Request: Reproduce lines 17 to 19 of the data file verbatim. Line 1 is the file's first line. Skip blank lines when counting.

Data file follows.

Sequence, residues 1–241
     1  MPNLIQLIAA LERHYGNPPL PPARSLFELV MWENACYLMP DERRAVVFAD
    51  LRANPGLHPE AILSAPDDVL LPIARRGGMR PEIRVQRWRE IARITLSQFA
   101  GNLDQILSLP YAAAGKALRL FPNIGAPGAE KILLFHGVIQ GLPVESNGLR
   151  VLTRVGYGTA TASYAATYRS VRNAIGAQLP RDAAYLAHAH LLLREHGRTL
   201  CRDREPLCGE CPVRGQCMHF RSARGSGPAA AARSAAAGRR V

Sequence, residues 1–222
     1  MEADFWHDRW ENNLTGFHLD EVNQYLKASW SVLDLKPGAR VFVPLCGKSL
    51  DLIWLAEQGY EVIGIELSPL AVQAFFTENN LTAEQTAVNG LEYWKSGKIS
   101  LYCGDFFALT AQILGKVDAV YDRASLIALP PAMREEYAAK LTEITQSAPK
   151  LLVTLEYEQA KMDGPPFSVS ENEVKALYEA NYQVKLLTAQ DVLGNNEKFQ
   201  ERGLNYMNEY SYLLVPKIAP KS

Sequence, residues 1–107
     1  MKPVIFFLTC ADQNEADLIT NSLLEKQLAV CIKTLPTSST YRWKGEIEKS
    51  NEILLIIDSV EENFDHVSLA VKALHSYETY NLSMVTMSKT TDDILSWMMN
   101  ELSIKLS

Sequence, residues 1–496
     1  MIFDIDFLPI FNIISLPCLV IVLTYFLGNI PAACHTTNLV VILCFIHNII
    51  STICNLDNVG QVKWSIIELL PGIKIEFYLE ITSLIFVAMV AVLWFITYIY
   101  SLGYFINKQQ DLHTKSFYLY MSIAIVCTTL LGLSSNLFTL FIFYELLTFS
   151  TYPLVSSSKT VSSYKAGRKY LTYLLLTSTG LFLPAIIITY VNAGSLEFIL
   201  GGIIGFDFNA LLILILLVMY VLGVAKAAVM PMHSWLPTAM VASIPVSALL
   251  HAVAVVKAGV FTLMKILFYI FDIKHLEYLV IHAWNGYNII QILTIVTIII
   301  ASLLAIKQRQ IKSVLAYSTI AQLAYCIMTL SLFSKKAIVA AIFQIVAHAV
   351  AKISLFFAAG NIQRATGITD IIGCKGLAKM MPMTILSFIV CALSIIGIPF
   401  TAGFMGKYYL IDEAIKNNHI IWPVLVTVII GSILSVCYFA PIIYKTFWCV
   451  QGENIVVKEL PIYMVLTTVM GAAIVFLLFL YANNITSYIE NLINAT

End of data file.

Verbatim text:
Sequence, residues 1–496
     1  MIFDIDFLPI FNIISLPCLV IVLTYFLGNI PAACHTTNLV VILCFIHNII
    51  STICNLDNVG QVKWSIIELL PGIKIEFYLE ITSLIFVAMV AVLWFITYIY